Chelsea wrote about James McGrath Morris’s piece in HuffPo last Tuesday and made some really enlightening observations (“Every title is ‘face-out’ online’—Chelsea, you’re blowing my mind!).
It’s true that metadata, a.k.a. the ONIX files that publishers craft so carefully and thoroughly, can actually make midlist authors more visible online. This not only impacts ebooks, but regular books too. If I can find a book’s info online, I can order it online or go down the street and buy it at my local bookstore. Not only that, but if I wander into a bookstore and think of a very specific subject I’d like to read about (for example, cheese difficulties), the bookseller can look it up and find it for me, no matter how obscure (order Cheese Problems Solved edited by P.L.H. McSweeney).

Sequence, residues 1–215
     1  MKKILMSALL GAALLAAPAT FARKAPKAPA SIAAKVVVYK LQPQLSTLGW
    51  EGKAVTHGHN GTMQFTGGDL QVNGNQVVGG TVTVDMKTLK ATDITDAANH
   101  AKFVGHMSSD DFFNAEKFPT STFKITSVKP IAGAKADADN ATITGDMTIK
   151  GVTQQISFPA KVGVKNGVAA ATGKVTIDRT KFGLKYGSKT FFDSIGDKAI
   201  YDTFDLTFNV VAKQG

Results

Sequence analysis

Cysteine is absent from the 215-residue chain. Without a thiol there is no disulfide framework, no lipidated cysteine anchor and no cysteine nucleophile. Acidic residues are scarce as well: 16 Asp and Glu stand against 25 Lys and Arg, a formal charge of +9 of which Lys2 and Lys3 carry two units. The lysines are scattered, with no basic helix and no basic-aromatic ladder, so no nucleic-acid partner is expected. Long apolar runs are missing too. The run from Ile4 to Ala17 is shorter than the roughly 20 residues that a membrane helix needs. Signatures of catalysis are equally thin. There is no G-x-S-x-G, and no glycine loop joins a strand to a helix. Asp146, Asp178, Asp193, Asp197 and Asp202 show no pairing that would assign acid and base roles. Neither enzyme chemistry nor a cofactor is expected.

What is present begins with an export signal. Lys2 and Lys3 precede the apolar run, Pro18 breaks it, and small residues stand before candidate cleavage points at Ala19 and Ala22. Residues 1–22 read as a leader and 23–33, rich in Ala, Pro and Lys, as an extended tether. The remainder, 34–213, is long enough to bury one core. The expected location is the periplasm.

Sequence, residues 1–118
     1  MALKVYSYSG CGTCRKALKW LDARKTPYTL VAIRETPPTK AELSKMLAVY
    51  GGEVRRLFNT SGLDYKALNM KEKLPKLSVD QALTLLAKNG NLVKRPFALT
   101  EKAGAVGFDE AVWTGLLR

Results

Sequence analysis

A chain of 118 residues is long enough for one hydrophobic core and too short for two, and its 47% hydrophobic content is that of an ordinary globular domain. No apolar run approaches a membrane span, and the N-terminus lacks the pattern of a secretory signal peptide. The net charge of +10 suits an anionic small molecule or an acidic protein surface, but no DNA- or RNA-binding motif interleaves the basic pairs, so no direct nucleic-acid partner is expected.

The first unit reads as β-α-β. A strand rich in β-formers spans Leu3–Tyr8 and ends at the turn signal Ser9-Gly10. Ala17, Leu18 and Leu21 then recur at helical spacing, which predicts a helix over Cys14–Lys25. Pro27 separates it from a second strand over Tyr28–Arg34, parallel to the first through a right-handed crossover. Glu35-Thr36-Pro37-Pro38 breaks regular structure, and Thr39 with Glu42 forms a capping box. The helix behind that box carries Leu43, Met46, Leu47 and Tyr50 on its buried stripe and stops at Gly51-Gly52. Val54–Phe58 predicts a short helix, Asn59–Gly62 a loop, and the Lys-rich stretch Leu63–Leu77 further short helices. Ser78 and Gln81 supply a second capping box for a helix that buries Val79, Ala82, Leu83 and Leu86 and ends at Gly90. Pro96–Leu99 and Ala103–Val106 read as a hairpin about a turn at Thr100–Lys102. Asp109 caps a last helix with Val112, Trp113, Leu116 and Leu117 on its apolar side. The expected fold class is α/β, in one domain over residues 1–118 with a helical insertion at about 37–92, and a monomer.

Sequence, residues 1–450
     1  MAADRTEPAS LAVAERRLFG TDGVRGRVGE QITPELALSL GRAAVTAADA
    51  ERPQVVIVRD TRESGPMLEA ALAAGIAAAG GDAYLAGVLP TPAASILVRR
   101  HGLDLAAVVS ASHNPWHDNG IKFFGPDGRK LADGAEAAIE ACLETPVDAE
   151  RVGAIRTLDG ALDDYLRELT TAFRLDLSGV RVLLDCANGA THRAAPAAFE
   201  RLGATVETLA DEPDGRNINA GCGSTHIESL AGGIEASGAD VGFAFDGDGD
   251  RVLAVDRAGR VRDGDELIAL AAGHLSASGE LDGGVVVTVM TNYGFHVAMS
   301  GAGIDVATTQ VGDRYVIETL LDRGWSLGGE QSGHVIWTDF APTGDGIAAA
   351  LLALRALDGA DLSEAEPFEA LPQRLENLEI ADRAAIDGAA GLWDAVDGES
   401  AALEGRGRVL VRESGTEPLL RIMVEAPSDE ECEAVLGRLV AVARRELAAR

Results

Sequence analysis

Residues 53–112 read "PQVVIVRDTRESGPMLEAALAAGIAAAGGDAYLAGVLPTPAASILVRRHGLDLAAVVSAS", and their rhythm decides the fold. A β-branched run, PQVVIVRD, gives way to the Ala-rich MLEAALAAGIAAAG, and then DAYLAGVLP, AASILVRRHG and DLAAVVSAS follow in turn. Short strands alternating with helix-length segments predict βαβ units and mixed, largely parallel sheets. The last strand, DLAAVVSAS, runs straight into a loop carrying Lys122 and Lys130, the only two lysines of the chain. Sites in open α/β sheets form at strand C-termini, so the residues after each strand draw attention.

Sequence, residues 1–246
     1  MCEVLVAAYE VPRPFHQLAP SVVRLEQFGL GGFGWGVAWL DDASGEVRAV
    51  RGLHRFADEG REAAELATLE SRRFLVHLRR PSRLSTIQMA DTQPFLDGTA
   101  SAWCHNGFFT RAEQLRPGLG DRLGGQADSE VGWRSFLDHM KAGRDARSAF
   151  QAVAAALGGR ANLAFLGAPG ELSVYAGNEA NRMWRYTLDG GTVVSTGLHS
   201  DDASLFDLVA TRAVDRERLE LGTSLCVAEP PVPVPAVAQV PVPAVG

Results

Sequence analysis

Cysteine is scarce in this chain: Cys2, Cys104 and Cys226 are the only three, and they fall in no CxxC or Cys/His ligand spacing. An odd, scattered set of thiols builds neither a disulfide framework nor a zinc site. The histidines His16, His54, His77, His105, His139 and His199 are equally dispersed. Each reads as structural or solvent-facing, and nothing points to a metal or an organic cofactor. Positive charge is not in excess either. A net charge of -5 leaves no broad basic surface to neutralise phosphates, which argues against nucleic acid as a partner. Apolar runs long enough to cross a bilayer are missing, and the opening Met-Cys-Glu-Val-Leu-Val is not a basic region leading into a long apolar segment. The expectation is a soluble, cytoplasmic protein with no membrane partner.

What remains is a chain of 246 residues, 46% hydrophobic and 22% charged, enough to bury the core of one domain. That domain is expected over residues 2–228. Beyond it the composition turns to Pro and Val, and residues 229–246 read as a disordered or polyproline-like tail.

But I think there’s more to contend with in Morris’s piece. His assumption is that midlist authors will become extinct. I think that’s a little melodramatic, especially given his definition of the midlist author as someone who earns out a modest advance. Modest advances will still be given and still be earned out by some. It is probably more accurate to say that the midlist might change, that some authors will no longer qualify while others will join the club. And that’s nothing new.
Going online does not mean that the book-buying public will only have eyes for bestsellers. In fact, it is the backlist that stands to benefit the most from online discoverability. Our market will not narrow, but it may break up into specialized sections. Our tastes will not suddenly homogenize, instead we will be empowered to find and buy what we truly want.
How carefully do you tag your book’s ONIX files? Are you sure I can find it? Better be, if you want it to be part of the midlist.